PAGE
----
I went to a fancy breakfast today. It was a ceremony honoring the finalists of something called the Magazine Mentor of the Year award, given by the Magazine Publishers Association. There were cut peonies and a fabulous buffet and lots of good-looking magaziney people in suits. Among the finalists were serious luminaries in my industry: Lucy Kaylin, executive editor of Marie Claire; Deborah Burns, publisher of Metropolitan Home; Mimi Valdés Ryan, editor in chief of Latina; Jeannie Park, the longtime executive editor of People.
Oh, and me. Yeah. One of these things is not like the others.
When I first heard about the brand new award, I tried to nominate my own mentor, but she didn’t qualify for technical reasons. Then I forgot about it. Until I got a letter congratulating me for my selection as a finalist. It turned out my friend and mentee Susan Kim, the West Coast editor of Coastal Living, a sister Time Inc. magazine, had slogged through the considerable application process on my behalf.
So there I was at the head table with the big kahunas of my business, utterly mortified but—okay, okay—deeply proud.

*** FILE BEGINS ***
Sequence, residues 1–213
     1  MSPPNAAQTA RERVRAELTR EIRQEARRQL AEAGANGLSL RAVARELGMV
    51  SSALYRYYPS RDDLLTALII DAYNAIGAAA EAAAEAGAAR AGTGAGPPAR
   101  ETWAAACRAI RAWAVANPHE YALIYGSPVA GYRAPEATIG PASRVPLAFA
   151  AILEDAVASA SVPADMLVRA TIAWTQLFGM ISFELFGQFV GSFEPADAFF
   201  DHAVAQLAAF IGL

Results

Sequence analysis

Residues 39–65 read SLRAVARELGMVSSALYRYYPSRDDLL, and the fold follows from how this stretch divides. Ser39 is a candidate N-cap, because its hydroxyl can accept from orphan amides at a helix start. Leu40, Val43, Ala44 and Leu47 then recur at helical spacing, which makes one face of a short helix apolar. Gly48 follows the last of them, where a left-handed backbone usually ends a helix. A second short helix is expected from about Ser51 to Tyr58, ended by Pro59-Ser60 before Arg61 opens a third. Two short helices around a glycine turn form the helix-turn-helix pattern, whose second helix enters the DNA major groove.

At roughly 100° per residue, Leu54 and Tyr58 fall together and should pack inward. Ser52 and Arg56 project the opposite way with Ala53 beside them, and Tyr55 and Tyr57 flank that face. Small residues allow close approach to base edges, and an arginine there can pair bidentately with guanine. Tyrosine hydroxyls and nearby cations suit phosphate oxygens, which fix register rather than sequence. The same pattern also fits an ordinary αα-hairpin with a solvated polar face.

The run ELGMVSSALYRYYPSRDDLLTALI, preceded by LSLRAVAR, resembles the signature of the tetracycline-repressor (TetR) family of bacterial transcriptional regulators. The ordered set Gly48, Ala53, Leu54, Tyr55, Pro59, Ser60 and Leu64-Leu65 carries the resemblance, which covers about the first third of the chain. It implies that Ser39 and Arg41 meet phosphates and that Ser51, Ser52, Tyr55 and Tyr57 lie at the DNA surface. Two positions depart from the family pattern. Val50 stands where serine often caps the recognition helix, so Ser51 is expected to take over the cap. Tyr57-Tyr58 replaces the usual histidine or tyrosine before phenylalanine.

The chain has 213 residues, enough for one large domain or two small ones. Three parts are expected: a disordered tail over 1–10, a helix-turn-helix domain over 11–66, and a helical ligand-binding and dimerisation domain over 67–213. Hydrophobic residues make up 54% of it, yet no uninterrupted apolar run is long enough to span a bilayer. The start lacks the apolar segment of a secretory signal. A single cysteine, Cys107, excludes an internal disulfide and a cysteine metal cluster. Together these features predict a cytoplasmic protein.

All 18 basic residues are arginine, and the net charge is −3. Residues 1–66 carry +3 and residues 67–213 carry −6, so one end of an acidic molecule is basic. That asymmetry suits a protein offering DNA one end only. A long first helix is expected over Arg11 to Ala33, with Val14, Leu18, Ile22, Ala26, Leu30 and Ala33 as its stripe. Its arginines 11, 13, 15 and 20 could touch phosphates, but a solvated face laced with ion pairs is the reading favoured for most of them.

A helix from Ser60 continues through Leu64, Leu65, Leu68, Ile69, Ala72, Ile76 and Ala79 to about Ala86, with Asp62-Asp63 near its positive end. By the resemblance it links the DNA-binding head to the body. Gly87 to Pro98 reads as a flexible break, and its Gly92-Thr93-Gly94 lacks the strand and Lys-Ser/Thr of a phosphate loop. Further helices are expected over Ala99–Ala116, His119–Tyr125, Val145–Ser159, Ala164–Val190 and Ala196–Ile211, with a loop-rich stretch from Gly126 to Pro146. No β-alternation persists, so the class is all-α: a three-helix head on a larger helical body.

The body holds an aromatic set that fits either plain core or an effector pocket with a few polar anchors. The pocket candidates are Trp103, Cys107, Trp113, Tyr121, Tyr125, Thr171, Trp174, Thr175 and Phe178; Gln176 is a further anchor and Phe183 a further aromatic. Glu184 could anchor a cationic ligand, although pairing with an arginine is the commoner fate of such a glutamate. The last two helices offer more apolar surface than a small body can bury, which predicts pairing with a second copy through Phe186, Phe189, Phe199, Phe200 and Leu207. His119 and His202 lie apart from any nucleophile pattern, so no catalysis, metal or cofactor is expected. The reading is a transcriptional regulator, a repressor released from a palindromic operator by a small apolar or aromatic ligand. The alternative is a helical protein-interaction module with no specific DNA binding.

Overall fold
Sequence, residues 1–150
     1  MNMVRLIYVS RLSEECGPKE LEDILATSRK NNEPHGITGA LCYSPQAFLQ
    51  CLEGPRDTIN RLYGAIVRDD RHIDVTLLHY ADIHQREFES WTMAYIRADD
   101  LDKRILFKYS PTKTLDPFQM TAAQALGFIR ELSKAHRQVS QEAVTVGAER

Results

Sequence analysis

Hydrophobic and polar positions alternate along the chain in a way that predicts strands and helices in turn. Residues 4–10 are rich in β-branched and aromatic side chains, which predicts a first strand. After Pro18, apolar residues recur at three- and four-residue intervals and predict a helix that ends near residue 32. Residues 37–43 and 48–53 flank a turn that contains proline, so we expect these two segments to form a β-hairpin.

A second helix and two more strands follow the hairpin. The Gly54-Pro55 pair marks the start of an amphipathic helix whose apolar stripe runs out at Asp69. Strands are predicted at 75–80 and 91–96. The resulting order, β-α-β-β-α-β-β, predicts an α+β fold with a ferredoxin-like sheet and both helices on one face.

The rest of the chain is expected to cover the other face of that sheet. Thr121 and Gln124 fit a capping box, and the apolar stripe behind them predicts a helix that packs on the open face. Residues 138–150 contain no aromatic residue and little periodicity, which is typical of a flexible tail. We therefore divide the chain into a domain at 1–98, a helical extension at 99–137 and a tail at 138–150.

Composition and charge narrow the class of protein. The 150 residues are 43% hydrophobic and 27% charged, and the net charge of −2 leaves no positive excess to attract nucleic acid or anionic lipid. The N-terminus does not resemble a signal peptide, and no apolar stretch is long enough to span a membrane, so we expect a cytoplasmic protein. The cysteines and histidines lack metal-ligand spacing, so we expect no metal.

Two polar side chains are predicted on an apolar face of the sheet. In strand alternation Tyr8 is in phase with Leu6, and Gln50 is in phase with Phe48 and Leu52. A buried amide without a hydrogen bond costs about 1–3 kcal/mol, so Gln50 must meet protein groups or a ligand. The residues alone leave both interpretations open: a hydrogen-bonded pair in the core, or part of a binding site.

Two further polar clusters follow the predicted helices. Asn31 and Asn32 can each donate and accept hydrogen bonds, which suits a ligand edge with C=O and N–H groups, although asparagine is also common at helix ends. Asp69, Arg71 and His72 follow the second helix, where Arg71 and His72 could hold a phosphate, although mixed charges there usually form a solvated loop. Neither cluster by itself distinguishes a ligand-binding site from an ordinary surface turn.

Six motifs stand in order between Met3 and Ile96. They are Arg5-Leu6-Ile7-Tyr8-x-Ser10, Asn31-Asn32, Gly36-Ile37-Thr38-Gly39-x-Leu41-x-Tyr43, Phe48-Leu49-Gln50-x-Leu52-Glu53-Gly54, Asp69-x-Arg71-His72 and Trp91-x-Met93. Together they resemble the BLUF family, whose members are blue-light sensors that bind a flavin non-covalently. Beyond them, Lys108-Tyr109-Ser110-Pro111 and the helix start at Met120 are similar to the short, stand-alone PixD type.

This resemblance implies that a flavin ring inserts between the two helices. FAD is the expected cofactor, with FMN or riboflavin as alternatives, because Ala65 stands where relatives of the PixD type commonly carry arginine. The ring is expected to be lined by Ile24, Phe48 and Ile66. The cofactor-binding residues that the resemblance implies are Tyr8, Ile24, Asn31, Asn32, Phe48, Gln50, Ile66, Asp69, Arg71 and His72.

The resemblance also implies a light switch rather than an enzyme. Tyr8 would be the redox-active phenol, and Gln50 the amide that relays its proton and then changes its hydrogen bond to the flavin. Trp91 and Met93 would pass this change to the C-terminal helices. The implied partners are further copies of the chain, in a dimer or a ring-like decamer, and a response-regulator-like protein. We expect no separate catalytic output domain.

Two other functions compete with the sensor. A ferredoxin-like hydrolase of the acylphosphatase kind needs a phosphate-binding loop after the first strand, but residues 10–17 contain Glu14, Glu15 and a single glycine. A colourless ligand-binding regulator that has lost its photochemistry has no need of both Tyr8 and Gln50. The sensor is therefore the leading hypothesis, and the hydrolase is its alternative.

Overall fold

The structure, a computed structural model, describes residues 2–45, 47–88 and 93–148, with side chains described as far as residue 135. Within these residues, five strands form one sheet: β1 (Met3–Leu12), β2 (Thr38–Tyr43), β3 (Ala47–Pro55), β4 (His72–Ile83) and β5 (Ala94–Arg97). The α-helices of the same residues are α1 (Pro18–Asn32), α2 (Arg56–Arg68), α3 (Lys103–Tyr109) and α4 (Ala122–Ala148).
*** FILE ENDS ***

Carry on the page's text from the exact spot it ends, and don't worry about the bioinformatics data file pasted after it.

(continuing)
As the other finalists and I agreed, we were all baffled to be recognized for doing something that seemed so unremarkable. As long as I have worked, I’ve befriended younger colleagues and listened to their frustrations and problems. I also take part in the formal mentorship programs offered through my employer’s minority affinity group as well as an industry-wide group. Over the years I guess I’ve mentored maybe two dozen young folks, both officially and over beers and tears.
The thing is, I always figured I get a lot more out of these relationships than my supposed mentee, whom I usually just think of as work friends. Take Susan. She’s a former attorney and an accomplished writer in no need of any quote-unquote guidance from the likes of me. But my many years at company headquarters turned out to be a useful resource when she was dealing with some management issues. I think maybe it helped her to talk through some of her hurdles, which, I might add, she ably scaled on her own. But it gave me a lot of satisfaction to feel like I played a small part in her soaring career.
I got a nice plaque, but I didn’t win the mentor of the year award; that honor went to Kevin Martinez, associate publisher at Hearst. He gave a rousing speech about how mentoring is in fact not at all selfless; it’s about “controlling our environment.” He wakes up happy to go to work every day because he’s stocked his workplace with people he really likes (cousins, friends of friends, you get the picture). He has a stack of 50 resumés on his desk, as do many of his mentees. Incidentally, they all love their jobs.
See how that carries across? Mentoring is its own reward. If ever I forget that, I’ve got this here plaque to remind me. Thanks, Susan.